Studying the Scriptures professionally in college was everything and more than I expected: Old Testament, New Testament, Theology, Greek Exegesis and Syntax, Church History, History of Doctrine, and Bible Exposition. In all honesty I think I received one of the best educations one could receive in that day. Then after I graduated seminary was a fascinating continuation and deepening of those things I learned in college. I turned my attention to the Hebrew Bible and ancient languages. At the same time, I taught Greek as an assistant professor and ministered in a local church as an assistant pastor. All my dreams were coming true.
But there was one persistent doubt. Each passing year of college and seminary brought a decreasing interest in the Bible. The iridescent, passionate flames I entered college with were cooling to a few glowing embers.
I think though that my interest was waning because as much as I knew, my knowledge never touched me where I lived. I was wrestling with a few significant problems in my life and the Bible was dead. I studied the Bible but it did not speak to me. Secretly, I turned to Hemingway, Faulkner, Sartre, Kierkegaard, Jung, and Dostoevsky because they spoke to me more powerfully than the Bible did. I studied the Bible but it did not speak to me. A devastating dilemma intruded into my life. My Bible was irrelevant and the “world-at-large” was growing more and more significant. When I was 28 years old, I graduated with a ThM in Hebrew Bible and Ancient Near Eastern Semitics. By that time I had received an M. Div., and M. A. in Religious Studies and Ancient Languages. I had preached for fourteen years and taught as a professor for five. I had received one of the best Bible educations in the world. And yet, I was in a quandary because I was going out to invite people to read a book that bored me and to listen to a book that did not speak to me or my human condition. No matter how much I disciplined myself I could not bring myself to enjoy the Bible. After I finished three masters degrees in graduate school I stopped reading the Scriptures.
My memories as boy haunted me though. Like old friends who would not let me slip away with my despair, they reminded me that things were not always this way. I recalled the consuming desire I had in high school to know the Scriptures, how I had found comfort in the Psalms, encouragement in the stories, and hope in the Gospels. During this time of malaise there was a “voice”, not a literal voice, but something that would not let me go. There was a quiet, insistent whisper summoning me to remember my boyhood love for the Bible stories. My mother read those stories to me, and when I grew old enough to read for myself, I devoured the same stories. This was the memory I could not evade. Memory was my storyteller, and she recalled the story of how I loved the stories.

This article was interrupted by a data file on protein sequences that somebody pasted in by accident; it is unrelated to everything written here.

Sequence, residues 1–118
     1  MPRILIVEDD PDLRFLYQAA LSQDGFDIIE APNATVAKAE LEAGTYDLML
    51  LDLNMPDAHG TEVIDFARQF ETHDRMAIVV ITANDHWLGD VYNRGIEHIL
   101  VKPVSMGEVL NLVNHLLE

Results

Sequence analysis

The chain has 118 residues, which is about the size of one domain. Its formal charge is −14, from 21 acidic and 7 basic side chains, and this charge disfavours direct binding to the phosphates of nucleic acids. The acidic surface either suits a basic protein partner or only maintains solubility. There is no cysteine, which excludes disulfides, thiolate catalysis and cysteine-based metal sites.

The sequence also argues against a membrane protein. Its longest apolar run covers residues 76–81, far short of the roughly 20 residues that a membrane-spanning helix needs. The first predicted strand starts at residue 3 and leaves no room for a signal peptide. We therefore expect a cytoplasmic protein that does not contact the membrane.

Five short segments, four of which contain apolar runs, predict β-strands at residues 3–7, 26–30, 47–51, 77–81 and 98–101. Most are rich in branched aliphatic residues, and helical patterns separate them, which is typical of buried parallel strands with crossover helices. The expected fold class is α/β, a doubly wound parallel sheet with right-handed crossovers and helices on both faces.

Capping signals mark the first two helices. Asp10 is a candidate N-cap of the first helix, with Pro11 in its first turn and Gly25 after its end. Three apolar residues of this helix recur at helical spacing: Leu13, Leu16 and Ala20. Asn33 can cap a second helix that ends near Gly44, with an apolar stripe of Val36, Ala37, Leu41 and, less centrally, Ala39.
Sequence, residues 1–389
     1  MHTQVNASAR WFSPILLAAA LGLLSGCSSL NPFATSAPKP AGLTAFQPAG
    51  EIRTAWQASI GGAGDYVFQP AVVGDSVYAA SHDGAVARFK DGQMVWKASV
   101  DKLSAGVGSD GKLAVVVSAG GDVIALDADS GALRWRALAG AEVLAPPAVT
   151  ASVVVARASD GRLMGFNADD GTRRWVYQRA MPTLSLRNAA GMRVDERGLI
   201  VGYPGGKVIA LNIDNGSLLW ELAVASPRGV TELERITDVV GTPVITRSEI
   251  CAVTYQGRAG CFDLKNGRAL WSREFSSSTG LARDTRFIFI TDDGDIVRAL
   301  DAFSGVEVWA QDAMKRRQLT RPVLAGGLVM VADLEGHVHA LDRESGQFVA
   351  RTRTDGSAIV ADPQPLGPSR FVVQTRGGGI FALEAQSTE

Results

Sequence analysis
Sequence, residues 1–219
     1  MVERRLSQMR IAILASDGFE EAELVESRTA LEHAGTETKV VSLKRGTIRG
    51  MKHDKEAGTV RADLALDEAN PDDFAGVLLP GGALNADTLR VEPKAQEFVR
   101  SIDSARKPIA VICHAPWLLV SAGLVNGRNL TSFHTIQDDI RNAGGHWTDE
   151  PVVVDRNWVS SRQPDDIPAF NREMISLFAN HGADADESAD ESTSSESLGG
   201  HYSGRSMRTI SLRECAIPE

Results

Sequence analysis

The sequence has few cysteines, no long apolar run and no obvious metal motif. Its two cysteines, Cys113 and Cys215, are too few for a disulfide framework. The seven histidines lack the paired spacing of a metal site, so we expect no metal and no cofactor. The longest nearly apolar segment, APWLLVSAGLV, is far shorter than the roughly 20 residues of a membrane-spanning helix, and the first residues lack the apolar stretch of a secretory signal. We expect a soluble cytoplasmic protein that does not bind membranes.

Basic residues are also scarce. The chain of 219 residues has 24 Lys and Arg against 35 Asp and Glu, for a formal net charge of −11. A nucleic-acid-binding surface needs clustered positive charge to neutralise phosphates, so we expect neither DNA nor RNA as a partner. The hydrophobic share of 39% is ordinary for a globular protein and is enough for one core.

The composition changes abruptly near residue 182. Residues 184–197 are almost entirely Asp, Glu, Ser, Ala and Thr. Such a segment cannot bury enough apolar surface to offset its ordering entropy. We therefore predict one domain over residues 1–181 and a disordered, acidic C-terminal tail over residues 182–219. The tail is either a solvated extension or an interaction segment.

It was the stories of my boyhood that compelled me to love the Scriptures when I was young. From a world that was terrifying, lonely, and mundane they invited me to a world that was, at times, too unbelievable to bear. They wooed my reluctant heart. Who was this strange God who violently divided the Red Sea, called upon a prostitute to help level the walls of Jericho, whispered to Elijah hiding in a cave, and delivered Daniel from the gaping jaws of ravenous lions? Who were these strange heroes of Judges? Gideon and his fleece. Jephthah and his daughter. Samson and Delilah. Who was this one they called Christ? I thought him to be an odd man. But he healed people. I wanted to be healed. He gave sight to the blind. I wanted to see. He took little children into his arms. Would he take me into his arms? The people he loved the most crucified him. Why didn’t he call ten thousand angels, you know, just like the song we sang in church? I wanted to be Peter, Mary, and John. I could see myself in the Bible stories. I wanted to be everyone in those stories. After six years of seminary, it was the passionate stories of my boyhood that drew my heart back to the Bible. It dawned on me one day that it was the mystery, passion, and wonder of the story that I had somehow squandered in my youthful idealism. I thought I had outgrown the stories.